One of the most notorious double murders in L.A. history was that of Nicole Simpson and Ron Goldman. Although the Brentwood condo building where the murders took place is still standing, the people who purchased O.J. Simpson’s Brentwood Park property bulldozed the house and built an entirely new home.
The decision to bulldoze the house also probably kept the Dearly Departed folks from including that property on one of their tours as well.
A case of real bad vibes
One of the most bizarre experiences that I have ever had took place during my first year in the business. My buyer was interested in purchasing a home in the Los Feliz (Los Angeles) area. One of the properties I scheduled to show her was 3301 Waverly Drive.
The tenant-occupied property had a beautiful green rolling lawn. The house itself was located up a long driveway. Inside, it was a major mess.
As we walked through the property, I had the worst vibes that I have ever experienced in my 30-plus years in the business.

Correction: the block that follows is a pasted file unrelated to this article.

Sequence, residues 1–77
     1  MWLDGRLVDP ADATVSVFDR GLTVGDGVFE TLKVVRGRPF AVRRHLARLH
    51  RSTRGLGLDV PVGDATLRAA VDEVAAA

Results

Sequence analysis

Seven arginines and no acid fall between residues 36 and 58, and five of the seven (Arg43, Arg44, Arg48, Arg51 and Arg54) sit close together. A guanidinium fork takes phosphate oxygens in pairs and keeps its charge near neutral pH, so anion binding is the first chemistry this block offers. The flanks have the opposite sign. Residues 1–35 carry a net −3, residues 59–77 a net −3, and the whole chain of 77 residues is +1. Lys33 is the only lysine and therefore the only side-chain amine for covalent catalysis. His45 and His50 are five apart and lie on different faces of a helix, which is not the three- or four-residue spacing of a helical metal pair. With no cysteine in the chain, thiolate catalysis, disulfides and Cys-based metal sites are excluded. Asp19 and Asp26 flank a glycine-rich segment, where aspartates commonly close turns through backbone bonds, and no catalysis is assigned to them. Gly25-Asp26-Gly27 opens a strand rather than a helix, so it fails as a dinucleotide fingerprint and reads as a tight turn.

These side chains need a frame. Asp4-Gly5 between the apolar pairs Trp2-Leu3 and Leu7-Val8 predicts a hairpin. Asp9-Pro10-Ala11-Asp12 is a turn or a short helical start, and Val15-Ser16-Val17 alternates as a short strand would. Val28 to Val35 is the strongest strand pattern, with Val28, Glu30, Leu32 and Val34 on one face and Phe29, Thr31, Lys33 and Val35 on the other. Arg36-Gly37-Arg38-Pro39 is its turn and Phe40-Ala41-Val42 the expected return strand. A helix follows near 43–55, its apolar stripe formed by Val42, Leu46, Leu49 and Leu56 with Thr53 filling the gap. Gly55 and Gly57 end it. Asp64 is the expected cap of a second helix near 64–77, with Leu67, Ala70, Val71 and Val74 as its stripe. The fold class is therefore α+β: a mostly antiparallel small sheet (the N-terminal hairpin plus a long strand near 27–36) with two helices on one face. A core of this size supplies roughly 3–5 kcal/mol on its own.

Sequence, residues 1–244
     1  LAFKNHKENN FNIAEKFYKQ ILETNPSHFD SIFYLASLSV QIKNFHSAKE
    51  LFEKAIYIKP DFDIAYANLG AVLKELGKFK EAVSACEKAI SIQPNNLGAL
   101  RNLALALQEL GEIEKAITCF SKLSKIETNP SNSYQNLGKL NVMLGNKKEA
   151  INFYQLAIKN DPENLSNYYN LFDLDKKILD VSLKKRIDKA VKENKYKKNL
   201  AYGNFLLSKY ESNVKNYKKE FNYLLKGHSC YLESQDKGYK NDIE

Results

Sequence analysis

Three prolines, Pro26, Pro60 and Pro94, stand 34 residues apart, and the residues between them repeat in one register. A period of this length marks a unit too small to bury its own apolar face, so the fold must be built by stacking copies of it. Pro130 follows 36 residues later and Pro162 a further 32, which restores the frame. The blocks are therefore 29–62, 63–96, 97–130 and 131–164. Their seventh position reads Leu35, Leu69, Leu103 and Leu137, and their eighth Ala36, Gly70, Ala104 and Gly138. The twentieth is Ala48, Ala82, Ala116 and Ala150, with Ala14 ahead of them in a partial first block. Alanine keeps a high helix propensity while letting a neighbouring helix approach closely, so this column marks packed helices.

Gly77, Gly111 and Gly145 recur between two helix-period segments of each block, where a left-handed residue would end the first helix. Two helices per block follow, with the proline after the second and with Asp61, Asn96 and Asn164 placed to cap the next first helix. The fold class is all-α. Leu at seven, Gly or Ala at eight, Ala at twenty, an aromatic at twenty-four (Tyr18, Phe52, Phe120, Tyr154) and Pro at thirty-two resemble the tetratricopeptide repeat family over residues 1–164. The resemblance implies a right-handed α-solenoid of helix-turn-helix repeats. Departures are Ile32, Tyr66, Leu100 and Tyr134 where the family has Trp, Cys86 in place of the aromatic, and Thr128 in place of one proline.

My client felt it, too, especially when we walked into the pool house. The sleeping bags, the trash — the whole scene was weird and deeply disturbing. We headed back to the car as quickly as our high heels would carry us.
As I was scheduling some additional showings for the same client, I chatted with one of the listing agents about our strange experience on Waverly Drive. His response was, “Don’t you know about that house? That’s where the Charles Manson family murdered the LaBiancas.”
The site is so notorious that Dearly Departed Tours has a “Helter Skelter Tour” devoted exclusively to the Waverly Drive property and the property where Sharon Tate was murdered.
Ironically, Leslie Van Houten, one of the perpetrators of the brutal murders, was granted approval for parole on April 14, 2016, after 19 previous parole hearings. It’s now up to Governor Brown whether her request will be granted.
What are your disclosure obligations?
Sanborn’s property has garnered exceptional publicity, but what disclosures would you be required to make in your state if you were the listing agent?